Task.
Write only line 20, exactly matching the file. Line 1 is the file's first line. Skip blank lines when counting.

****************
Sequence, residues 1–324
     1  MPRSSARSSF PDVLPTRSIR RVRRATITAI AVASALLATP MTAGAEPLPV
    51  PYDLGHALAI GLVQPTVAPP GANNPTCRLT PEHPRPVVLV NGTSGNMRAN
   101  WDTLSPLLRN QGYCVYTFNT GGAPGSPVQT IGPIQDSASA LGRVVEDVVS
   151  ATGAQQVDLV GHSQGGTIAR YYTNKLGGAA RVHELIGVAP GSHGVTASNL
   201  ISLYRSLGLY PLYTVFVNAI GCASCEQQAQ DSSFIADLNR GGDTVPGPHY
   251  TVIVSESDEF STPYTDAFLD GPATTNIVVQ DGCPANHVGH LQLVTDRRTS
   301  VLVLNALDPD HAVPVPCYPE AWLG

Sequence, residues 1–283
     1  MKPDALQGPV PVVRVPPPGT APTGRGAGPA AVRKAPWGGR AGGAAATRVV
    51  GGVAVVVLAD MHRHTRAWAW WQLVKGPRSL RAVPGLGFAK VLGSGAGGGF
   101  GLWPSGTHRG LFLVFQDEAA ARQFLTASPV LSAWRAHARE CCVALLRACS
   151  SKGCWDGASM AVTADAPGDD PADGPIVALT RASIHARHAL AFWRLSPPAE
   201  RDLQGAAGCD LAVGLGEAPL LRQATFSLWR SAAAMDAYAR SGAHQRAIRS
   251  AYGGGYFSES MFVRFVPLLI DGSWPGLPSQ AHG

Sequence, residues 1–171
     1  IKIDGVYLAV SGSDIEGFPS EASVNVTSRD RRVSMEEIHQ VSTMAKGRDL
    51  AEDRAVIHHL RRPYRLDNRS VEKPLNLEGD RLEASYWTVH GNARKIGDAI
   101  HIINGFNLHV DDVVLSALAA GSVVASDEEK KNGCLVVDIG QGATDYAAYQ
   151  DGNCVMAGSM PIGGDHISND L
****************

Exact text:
   151  DGNCVMAGSM PIGGDHISND L